County bus drivers needed for ‘toughest job’

Published 7:24 pm Friday, February 15, 2019


Good help is hard to find, even when it comes to finding qualified school bus drivers.

Earlier this week, a message went out on social media to parents of Southampton Middle School that one of the buses would not be running that day. Parents were asked to bring their children themselves. Based on the reaction from some people, that was not the first time that a county school bus didn’t run.

This situation is not new or even unique to the county. For example, the school board was discussing a shortage in 2017. The two-tier bus system, which was implemented that school year, was intended as a way to reduce the number of drivers needed.

In answer to The Tidewater News‘ questions about the issue, Supt. Dr. Gwendolyn Shannon made the following statement:

Southampton County Schools currently has a school bus driver shortage and as a result, it impacts students in arriving to school and getting home in a timely manner. Unfortunately, the bus driver shortage has taken another hit in the past week with two bus drivers leaving their positions. We share the frustrations of parents and students, and are working diligently to address concerns and to make our parents aware of the continued efforts toward improvements in providing adequate transportation. We are in the process of conducting strategy meetings with school administrators and select bus drivers. We will be working through the weekend to continue to address the issues prior to our return to school after Monday’s holiday.”

She continued, “In addition to the strategic meetings that are occurring, we are conversing with personnel regarding the possible adjustment of the time between the double routes, internal concerns, improved recruiting, training, onboarding, and retention of drivers, outsourcing transportation and soliciting outside assistance. We have recently partnered with two school divisions to expedite the necessary training for new hires to become fully licensed to drive a school bus.”

Shannon said the school system is using the professional services division of its bus routing software company to review the following:

Route creation, consolidation, and efficiency

Conducting a route time study

Requesting an organizational, operational review study

Using geocodes and satellite imagery to assign students to bus routes

Importing and accuracy of data

Possible bus pool and neighborhood bus stops

While this is no consolation, the school bus driver shortage is not unique to Southampton County. The National Association for Pupil Transportation has acknowledged the severity of school bus driver shortage and is researching possible solutions. School Bus Fleet magazine also reports that national and local news sources are continually reporting on the impact of school bus driver shortage nationwide.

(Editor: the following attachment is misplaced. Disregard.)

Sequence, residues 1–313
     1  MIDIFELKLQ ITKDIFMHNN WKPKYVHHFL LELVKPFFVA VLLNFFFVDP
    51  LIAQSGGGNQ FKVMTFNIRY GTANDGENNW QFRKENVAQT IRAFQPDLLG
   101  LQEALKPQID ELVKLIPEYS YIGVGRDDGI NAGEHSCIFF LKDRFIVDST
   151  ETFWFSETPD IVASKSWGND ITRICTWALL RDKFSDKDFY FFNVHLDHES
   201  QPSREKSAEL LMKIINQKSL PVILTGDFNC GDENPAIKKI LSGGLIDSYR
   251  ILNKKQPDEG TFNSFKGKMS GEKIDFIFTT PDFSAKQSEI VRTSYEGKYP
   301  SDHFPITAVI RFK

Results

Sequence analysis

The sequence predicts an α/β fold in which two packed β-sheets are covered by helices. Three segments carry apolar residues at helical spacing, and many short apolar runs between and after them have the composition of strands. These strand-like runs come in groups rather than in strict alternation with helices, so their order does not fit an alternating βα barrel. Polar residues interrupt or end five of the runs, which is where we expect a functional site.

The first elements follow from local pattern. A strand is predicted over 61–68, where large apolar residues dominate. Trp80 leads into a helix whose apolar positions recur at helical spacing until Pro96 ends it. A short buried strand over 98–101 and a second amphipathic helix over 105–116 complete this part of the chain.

Currently, Southampton County has 40 school bus drivers and eight vacant school bus driver positions. With the deficits in our transportation department, school bus driver absenteeism compounds the issue on a day-to-day basis. We are, however, excited to announce that four individuals have enrolled in the school bus driver training and will be fully licensed school bus drivers very soon.”
Furthermore: “As a division, we are committed to improvements in the efficiency of transporting our students. There is no simple solution. We are working tirelessly to address the transportation issues and are rolling up our sleeves and exploring all possibilities to get the students of Southampton County Public Schools to and from school — safely and timely.”

Dr. Deborah Goodwyn, chairwoman of the school board, acknowledged that like other localities, it’s difficult to find bus drivers.

“We are aware of the situation, and that Dr. [Gwendolyn] Shannon is working to address the situation. We expect the situation to get better,” said Goodwyn. “This is primarily not because of pay, which is consistent with other localities; it’s a part-time position of four to six hours a day. It [the shortage] has more to do with the job becoming less attractive because of the hours involved. That’s not unique to Southampton County.”

Fellow school board member William Worsham, who had initially proposed the two-tier system, agreed with Goodwyn’s assessment.

Southampton is like many surrounding districts,” he said. “Ours may be unique because the county is so expansive.

He noted that even bus mechanics and members of the school transportation department have had to take the wheel and get students to and from the schools due to the lack of drivers.

We just didn’t have enough,” he said, adding, “The two-tier system will work, but you have to have drivers.”

He noted that when the economy is doing as well as it has been lately, “people aren’t going to pick up those part-time jobs.”

Most of the time, said Worsham, the bus drivers are very accommodating in having to take an extra route once they complete their own schedules.

The toughest job is driving buses,” he said, noting how daunting it is to ride on the high-traffic areas of U.S. Highway 58 and Route 460.